Pharmaceutical solid dosage forms (tablets or capsules) are the predominant form to administer active pharmaceutical ingredients (APIs) to the patient. Tablets are typically powder compacts consisting of several different excipients in addition to the API. Excipients are added to a formulation in order to achieve the desired fill weight of a dosage form, to improve the processability or to affect the drug release behaviour in the body. These complex porous systems undergo different mechanisms when they come in contact with physiological fluids. The performance of a drug is primarily influenced by the disintegration and dissolution behaviour of the powder compact. The disintegration process is specifically critical for immediate-release dosage forms. Its mechanisms and the factors impacting disintegration are discussed and methods used to study the disintegration in-situ are presented. This review further summarises mathematical models used to simulate disintegration phenomena and to predict drug release kinetics.

  2. Mechanical behavior and stress effects in hard superconductors: a review

    International Nuclear Information System (INIS)

    Koch, C.C.; Easton, D.S.

    1977-11-01

    The mechanical properties of type II superconducting materials are reviewed as well as the effect of stress on the superconducting properties of these materials. The bcc alloys niobium-titanium and niobium-zirconium exhibit good strength and extensive ductility at room temperature. Mechanical tests on these alloys at 4.2 0 K revealed serrated stress-strain curves, nonlinear elastic effects and reduced ductility. The nonlinear behavior is probably due to twinning and detwinning or a reversible stress-induced martensitic transformation. The brittle A-15 compound superconductors, such as Nb 3 Sn and V 3 Ga, exhibit unusual elastic properties and structural instabilities at cryogenic temperatures. Multifilamentary composites consisting of superconducting filaments in a normal metal matrix are generally used for superconducting devices. The mechanical properties of alloy and compound composites, tapes, as well as composites of niobium carbonitride chemically vapor deposited on high strength carbon fibers are presented. Hysteretic stress-strain behavior in the metal matrix composites produces significant heat generation, an effect which may lead to degradation in the performance of high field magnets. Measurements of the critical current density, J/sub c/, under stress in a magnetic field are reported. Modest stress-reversible degradation in J/sub c/ was observed in niobium-titanium composites, while more serious degradation was found in Nb 3 Sn samples. The importance of mechanical behavior to device performance is discussed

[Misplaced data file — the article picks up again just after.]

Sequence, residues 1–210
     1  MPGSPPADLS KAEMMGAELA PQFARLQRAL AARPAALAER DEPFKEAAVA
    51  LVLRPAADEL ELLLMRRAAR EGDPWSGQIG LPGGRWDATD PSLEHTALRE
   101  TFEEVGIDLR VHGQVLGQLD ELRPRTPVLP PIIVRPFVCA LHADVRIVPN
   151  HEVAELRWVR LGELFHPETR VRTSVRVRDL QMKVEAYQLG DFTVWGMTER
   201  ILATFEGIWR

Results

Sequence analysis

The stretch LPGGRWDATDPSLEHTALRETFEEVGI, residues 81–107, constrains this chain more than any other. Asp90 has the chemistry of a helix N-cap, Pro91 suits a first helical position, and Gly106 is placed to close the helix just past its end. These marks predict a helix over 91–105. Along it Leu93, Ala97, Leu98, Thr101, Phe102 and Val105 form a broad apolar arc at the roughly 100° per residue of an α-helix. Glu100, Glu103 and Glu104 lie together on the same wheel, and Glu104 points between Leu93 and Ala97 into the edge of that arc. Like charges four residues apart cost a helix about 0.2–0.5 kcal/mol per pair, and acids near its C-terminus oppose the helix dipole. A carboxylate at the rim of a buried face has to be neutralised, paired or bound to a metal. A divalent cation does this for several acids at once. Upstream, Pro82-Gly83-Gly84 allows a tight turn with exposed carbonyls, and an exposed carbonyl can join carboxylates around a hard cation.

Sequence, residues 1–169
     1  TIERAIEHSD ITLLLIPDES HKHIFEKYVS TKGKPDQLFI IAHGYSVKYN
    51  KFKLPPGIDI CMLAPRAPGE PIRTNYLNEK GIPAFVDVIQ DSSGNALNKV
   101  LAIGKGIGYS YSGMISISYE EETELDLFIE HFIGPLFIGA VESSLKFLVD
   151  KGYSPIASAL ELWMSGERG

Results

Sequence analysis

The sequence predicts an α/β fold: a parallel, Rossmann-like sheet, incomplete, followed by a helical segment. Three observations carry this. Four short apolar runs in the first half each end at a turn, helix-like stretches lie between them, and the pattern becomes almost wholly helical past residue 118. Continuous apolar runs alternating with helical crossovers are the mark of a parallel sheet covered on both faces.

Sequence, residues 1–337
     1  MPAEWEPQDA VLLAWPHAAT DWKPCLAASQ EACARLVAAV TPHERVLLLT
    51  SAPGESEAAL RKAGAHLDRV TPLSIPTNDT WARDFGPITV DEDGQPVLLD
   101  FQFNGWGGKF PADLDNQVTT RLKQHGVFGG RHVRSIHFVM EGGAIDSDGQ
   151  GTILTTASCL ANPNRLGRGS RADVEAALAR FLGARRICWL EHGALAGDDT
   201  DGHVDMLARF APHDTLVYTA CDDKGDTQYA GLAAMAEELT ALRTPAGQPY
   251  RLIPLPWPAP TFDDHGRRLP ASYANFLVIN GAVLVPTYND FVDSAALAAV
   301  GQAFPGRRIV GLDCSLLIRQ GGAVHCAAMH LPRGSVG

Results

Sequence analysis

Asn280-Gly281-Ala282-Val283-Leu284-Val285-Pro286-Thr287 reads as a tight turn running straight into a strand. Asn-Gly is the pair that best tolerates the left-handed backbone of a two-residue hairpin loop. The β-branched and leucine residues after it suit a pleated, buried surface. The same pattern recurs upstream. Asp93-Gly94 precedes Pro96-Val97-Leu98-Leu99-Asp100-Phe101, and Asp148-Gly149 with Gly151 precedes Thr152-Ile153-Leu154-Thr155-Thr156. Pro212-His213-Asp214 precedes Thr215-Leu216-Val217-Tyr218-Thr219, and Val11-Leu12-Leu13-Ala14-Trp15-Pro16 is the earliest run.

3. Humidity Sensors Principle, Mechanism, and Fabrication Technologies: A Comprehensive Review

    Science.gov (United States)

    Farahani, Hamid; Wagiran, Rahman; Hamidon, Mohd Nizar

    2014-01-01

    Humidity measurement is one of the most significant issues in various areas of applications such as instrumentation, automated systems, agriculture, climatology and GIS. Numerous sorts of humidity sensors fabricated and developed for industrial and laboratory applications are reviewed and presented in this article. The survey frequently concentrates on the RH sensors based upon their organic and inorganic functional materials, e.g., porous ceramics (semiconductors), polymers, ceramic/polymer and electrolytes, as well as conduction mechanism and fabrication technologies. A significant aim of this review is to provide a distinct categorization pursuant to state of the art humidity sensor types, principles of work, sensing substances, transduction mechanisms, and production technologies. Furthermore, performance characteristics of the different humidity sensors such as electrical and statistical data will be detailed and gives an added value to the report. By comparison of overall prospects of the sensors it was revealed that there are still drawbacks as to efficiency of sensing elements and conduction values. The flexibility offered by thick film and thin film processes either in the preparation of materials or in the choice of shape and size of the sensor structure provides advantages over other technologies. These ceramic sensors show faster response than other types. PMID:24784036

  4. Humidity Sensors Principle, Mechanism, and Fabrication Technologies: A Comprehensive Review

    Directory of Open Access Journals (Sweden)

    Hamid Farahani

    2014-04-01